24. Facilities, equipment, systems, practises and people that have outlived their usefulness are aggressively changed or eliminated
25. To management care about the 'products', not just seeing them as a source of profit
26. People are encouraged to go out of their way to be co-operative for the good of the enterprise
27. Those who violate ethical or legal standards are sanctioned - even if the enterprise would gain
28. Non-executive directors get around enough to have direct personal experience of the enterprise's strengths and weaknesses
29. The enterprise strives to avoid external recruitment into the top job
30. If it comes to the choice, top managers will put the long-term success of the enterprise ahead of personal gain
31. Customers probable future needs are systematically evaluated
32. Top managers will knowingly sacrifice immediate results for a better long-term future
33. Employees manifestly feel closely identified with the success of the enterprise
34. The culture strongly supports action - informed by concern for long term consequences
35. Performance reporting and management systems pick up variances from targeted performance rapidly and accurately
36. People at all levels receive differential rewards for good performance
37. Things that need to be done get done. Full stop
38. The capacity of people, equipment and productive facilities are continuously evaluated and up-rated
39. The cost of everything that matters is clearly known
40. There is great emphasis organisation-wide on product and service quality
41. Decisions that adversely affect employees interests are taken as a last resort - 'casualties' are treated generously and with dignity.
42. All possible action is taken to protect the environment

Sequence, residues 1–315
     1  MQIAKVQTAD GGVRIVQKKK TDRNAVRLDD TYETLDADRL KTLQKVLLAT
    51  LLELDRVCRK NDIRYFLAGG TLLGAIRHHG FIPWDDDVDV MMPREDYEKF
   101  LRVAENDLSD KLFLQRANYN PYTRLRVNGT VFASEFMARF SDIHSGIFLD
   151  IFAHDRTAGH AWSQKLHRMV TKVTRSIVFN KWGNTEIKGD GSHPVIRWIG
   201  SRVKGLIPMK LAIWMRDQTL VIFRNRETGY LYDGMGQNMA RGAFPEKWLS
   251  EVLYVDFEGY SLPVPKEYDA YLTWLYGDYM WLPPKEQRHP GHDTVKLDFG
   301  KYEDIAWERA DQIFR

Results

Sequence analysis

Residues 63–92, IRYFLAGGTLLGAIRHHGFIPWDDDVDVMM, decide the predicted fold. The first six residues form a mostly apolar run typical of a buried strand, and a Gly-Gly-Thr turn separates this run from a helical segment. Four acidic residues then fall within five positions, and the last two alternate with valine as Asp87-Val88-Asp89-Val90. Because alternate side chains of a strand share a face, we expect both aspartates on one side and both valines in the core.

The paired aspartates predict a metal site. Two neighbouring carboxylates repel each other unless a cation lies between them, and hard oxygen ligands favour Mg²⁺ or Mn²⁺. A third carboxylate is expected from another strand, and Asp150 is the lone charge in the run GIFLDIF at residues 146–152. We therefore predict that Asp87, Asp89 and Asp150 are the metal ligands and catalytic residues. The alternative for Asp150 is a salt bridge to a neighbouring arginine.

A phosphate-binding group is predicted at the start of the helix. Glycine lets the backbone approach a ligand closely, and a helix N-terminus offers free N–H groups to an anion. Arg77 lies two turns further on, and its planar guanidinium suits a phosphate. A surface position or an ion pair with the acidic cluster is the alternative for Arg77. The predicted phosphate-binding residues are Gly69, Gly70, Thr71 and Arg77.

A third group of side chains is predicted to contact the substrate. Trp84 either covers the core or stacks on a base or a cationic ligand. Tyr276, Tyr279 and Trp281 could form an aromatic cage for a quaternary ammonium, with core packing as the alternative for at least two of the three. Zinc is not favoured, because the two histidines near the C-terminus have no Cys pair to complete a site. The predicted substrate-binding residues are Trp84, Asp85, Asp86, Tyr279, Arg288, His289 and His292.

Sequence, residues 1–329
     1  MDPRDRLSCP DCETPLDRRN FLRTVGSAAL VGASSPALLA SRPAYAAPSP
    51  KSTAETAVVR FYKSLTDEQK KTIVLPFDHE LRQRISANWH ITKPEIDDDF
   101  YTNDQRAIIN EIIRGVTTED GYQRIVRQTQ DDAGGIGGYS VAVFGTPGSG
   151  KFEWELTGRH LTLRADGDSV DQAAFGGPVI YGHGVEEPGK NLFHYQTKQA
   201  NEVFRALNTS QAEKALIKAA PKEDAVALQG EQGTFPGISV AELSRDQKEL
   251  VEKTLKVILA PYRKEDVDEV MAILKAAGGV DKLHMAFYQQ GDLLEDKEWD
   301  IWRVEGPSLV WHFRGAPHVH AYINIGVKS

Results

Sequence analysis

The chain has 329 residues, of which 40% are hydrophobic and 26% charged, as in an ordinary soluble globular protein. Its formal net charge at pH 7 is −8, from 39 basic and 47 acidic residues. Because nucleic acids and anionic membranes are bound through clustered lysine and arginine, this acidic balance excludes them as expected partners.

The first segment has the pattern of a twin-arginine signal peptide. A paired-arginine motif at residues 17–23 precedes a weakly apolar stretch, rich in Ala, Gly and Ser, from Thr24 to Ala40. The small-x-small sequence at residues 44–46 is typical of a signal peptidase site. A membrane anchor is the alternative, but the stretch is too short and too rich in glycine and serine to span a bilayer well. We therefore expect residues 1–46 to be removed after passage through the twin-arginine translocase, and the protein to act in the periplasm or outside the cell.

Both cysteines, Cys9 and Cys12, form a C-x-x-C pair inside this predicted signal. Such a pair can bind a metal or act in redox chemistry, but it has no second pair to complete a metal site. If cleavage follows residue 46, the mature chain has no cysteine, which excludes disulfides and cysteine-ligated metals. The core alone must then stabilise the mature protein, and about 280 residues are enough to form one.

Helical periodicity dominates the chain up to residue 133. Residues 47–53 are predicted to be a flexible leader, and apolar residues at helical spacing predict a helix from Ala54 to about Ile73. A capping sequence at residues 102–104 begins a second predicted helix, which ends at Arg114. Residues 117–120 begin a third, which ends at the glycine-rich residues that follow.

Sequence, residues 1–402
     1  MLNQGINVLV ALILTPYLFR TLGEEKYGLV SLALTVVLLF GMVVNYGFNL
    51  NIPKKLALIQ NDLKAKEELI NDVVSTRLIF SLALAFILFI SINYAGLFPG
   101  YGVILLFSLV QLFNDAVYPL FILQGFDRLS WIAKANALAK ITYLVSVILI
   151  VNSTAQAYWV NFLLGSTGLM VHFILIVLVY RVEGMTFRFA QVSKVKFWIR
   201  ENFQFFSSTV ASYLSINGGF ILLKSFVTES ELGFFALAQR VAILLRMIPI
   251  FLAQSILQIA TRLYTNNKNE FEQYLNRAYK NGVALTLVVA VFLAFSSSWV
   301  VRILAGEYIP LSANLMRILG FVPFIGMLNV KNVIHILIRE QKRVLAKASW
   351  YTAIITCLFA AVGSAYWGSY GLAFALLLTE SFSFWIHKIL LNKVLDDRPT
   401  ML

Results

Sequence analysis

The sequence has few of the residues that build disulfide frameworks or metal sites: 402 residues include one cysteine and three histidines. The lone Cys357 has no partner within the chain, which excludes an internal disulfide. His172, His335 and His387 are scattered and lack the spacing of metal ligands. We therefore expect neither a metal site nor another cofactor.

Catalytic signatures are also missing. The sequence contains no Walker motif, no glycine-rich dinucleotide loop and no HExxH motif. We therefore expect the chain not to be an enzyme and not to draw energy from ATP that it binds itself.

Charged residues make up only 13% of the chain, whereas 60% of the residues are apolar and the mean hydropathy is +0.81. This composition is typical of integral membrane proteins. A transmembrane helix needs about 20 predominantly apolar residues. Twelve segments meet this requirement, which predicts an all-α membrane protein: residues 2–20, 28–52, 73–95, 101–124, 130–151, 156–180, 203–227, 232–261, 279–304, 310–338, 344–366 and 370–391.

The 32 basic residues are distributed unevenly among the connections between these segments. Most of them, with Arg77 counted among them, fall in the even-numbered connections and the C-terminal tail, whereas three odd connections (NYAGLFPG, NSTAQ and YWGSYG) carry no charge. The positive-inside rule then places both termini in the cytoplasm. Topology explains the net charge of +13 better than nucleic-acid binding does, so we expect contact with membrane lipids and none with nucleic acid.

43. The board has the right mix of skills to cover all key aspects of the business
44. Management development emphasises two things: deep knowledge of the business and acute awareness of developments in the wider world
45. Pay differentials between the top and the rest of the organisation are widely known and capable of internal justification
46. Competitors actions, products, strengths and weaknesses are carefully analysed and form a basis for action
47. There is a well-developed corporate 'personality' that encompasses a vision of what makes the enterprise distinctive and special
48. Top management exerts a strong positive influence on employees' opinions and behaviour
49. Achievement in relation to key objectives is clearly measured and used as a basis for accountability
50. Top management are rapidly aware when inefficiency and waste become a problem
51. Achievement is the basis for reward
52. The organisation has good recourse to external perspectives and benchmarks
53. Investment in plant and facilities is sufficient to remain at the competitive forefront
54. There are no under-used assets
55. Feedback from customers is disseminated through the whole organisation, not just sales and marketing
56. Mutual respect is a clear hallmark of the relationships between top managers and other employees
57. The organisation encourages constructive relationships with educational establishments.
58. The board exhibits a culture of openness - all directors can express their views freely, and those contrary to the majority are heard and taken into account
59. Top managers demonstrate that developing quality successors is a high priority
60. The values and behaviour of those at the top offer a positive model for others
61. Substantial efforts are invested in projecting a positive image to external influencers
62. There is a clear and shared understanding of what differentiates the enterprise from its competitors
63. The organisation uses a wide range of media to communicate a sense of common purpose.
64. The enterprise is capable of standing back to objectively evaluate its market positioning
65. Information about performance is openly shared by middle and top management so that co-ordinated action can be taken